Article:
In this model study, only a limited number of feedback processes has been incorporated. These processes have proven to be sufficient to newly interpret theδ18O record at the E-O boundary. Nonetheless, the results of this research will be even more robust when they can be reproduced us-ing more complex models. The role of several potentially important processes should be investigated in the future. To fully understand the influence of the opening of oceanic gate-ways, a full three-dimensional ocean model should be used in which (i) Southern Ocean dynamics are included and an ACC can be formed, (ii) separate Atlantic and Pacific ocean basins are included with varying connections between them, and (iii) the dynamics of the overflow at the Greenland-Scotland ridge is accounted for. It will also be interesting to see how the changes described here affect atmospheric circu-lation patterns, and vice versa. Although the land ice module used in this study is very simple, its results are in qualitative agreement with those in DeConto and Pollard (2003a,b). Of course, the precise details of Antarctic ice sheet formation can be better understood from their simulations. Changes in orbital configuration were not taken into account in our simulations, even though they are thought to have played a significant role.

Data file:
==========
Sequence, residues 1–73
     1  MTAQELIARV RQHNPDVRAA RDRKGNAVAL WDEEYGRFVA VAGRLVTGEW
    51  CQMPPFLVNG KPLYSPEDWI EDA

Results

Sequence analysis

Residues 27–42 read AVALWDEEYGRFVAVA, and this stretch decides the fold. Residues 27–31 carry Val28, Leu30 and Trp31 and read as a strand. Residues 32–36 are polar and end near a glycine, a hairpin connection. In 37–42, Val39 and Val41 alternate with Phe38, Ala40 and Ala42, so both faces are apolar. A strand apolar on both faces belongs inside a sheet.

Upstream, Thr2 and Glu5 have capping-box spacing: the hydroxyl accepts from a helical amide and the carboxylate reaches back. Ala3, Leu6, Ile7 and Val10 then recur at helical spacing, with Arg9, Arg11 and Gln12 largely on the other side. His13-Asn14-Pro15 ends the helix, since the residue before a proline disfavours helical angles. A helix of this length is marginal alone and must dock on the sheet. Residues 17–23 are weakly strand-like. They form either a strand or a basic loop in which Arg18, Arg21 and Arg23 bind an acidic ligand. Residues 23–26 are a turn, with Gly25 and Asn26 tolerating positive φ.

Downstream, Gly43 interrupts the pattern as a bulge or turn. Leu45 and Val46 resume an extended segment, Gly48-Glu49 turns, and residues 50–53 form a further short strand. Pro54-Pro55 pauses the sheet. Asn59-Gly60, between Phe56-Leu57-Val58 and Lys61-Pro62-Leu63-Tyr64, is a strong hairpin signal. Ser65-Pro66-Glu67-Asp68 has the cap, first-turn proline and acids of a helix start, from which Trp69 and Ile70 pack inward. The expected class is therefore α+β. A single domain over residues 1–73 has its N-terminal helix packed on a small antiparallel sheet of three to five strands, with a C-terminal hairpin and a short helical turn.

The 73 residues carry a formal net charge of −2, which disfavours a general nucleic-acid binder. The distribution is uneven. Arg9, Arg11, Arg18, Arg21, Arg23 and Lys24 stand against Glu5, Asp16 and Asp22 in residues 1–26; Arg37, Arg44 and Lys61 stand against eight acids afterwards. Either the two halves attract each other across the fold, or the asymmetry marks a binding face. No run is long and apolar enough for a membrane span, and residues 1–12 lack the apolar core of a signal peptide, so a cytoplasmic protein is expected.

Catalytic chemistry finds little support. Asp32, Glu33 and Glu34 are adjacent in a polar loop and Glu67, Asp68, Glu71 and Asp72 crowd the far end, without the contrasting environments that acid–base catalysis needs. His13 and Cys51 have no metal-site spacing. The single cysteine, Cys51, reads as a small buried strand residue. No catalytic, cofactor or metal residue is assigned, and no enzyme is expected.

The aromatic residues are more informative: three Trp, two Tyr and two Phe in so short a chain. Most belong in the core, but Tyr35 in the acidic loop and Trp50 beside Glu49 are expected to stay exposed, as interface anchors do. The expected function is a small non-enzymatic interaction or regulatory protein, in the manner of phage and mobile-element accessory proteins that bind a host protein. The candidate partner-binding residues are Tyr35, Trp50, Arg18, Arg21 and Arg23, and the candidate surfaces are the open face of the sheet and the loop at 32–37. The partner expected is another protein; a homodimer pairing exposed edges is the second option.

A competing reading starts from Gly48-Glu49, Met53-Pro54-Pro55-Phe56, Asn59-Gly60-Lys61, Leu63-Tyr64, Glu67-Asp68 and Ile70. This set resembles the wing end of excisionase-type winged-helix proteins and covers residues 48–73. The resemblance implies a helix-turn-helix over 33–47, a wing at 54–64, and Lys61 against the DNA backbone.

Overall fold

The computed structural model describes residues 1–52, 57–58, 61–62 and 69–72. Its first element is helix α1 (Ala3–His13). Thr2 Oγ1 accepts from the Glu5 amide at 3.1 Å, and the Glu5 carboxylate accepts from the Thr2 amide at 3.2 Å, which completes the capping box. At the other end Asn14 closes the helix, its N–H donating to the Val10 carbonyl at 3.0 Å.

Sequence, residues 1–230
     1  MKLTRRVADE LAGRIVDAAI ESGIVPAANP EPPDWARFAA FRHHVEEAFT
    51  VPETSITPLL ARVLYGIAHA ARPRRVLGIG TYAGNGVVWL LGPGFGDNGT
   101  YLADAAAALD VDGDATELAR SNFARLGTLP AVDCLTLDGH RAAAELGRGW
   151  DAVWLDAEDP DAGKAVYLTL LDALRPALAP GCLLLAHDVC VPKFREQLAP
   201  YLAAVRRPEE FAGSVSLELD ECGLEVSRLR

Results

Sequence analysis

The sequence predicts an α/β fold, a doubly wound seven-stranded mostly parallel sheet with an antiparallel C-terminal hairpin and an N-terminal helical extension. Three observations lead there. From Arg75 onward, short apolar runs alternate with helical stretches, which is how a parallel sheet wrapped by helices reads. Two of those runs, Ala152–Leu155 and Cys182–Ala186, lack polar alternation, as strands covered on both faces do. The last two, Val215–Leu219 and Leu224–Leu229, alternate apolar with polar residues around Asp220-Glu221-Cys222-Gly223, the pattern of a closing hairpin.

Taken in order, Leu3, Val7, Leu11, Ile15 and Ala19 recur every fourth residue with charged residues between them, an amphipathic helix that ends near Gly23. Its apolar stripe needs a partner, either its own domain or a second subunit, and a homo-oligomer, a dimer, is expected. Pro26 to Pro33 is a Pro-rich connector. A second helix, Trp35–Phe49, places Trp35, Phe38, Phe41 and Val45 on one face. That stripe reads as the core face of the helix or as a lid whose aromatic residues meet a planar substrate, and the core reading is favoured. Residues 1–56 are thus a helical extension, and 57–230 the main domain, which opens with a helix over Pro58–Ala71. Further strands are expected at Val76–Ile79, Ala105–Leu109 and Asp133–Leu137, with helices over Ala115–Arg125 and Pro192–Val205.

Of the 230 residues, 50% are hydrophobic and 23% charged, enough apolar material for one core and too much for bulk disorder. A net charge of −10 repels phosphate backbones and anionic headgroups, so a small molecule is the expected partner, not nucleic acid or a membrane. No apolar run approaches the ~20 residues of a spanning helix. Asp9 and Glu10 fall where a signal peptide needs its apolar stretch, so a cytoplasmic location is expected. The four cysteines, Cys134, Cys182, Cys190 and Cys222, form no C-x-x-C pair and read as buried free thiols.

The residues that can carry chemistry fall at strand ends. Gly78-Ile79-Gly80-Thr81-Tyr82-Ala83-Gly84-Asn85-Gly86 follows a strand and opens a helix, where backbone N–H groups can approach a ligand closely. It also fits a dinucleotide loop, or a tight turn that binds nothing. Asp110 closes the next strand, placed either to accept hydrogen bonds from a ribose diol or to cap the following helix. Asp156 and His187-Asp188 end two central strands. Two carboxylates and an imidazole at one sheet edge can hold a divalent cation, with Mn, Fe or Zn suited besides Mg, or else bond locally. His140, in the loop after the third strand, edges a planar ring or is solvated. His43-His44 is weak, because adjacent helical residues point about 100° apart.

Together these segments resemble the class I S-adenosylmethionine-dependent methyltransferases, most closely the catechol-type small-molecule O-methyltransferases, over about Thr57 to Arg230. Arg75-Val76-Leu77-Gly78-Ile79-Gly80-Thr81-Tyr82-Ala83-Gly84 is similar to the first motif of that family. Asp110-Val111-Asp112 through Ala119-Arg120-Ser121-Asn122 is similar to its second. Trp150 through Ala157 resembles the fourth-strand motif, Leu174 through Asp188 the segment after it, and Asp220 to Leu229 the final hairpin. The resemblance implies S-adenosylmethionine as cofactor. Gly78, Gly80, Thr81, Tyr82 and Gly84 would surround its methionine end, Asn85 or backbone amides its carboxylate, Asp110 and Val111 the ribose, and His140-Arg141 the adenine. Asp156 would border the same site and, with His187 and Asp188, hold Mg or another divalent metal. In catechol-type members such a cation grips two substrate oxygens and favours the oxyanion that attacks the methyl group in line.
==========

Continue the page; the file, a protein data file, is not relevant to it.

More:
(12)

step represents rapid Antarctic ice growth, caused by lower-ing of the atmospheric carbon dioxide levels below a certain threshold level. The two-step signature will always occur when the MOC transition – which can occur spontaneously due to random density perturbations or can be induced by tec-tonic changes – occurs at higherpCO2levels than the criti-calpCO2level for Southern Hemispheric ice formation. The mechanisms that are proposed here are qualitatively in close agreement with proxy data, and so is the order of magnitude of the two modelledδ18O steps.